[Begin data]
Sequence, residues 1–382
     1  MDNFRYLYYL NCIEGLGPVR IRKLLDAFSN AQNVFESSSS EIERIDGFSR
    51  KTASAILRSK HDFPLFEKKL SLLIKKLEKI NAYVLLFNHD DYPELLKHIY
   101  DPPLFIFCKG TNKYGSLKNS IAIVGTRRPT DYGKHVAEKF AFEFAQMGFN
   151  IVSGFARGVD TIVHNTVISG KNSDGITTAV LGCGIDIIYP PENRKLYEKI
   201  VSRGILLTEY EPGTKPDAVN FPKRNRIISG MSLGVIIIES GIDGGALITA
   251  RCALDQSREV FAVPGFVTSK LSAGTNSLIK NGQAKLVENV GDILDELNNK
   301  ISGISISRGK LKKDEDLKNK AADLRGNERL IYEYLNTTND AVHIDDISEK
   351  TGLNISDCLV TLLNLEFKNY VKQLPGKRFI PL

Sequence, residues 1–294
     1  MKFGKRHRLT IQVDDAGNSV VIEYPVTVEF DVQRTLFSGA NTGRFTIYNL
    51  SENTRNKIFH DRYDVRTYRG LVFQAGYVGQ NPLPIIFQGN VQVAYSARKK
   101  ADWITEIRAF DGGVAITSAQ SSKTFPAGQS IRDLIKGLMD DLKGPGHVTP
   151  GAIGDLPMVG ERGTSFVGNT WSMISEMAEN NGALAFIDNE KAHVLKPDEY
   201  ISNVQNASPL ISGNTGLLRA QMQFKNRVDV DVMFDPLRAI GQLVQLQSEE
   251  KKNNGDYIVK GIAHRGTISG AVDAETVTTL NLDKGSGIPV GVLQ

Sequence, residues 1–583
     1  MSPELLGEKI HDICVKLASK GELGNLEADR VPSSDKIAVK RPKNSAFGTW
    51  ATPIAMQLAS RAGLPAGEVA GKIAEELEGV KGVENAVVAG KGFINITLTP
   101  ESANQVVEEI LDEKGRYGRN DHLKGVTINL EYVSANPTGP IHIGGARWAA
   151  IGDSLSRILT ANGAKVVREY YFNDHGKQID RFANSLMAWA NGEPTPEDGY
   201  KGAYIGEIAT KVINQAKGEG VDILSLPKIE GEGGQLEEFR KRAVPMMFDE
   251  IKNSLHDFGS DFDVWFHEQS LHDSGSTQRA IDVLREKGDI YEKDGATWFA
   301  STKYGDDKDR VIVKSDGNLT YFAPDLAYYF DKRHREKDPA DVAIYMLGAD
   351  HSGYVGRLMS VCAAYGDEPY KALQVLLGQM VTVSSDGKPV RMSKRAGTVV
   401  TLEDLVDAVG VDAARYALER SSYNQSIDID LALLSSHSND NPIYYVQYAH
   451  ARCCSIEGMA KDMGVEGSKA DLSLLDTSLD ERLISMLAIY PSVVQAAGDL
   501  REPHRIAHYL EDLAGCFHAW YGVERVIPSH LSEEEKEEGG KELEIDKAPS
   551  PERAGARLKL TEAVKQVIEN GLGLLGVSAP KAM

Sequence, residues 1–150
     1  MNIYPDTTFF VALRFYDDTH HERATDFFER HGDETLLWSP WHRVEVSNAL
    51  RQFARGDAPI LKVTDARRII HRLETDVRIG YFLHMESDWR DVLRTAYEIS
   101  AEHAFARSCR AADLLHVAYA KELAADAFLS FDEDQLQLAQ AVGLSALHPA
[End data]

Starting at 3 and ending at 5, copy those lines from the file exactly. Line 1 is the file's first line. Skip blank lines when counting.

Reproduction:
    51  KTASAILRSK HDFPLFEKKL SLLIKKLEKI NAYVLLFNHD DYPELLKHIY
   101  DPPLFIFCKG TNKYGSLKNS IAIVGTRRPT DYGKHVAEKF AFEFAQMGFN
   151  IVSGFARGVD TIVHNTVISG KNSDGITTAV LGCGIDIIYP PENRKLYEKI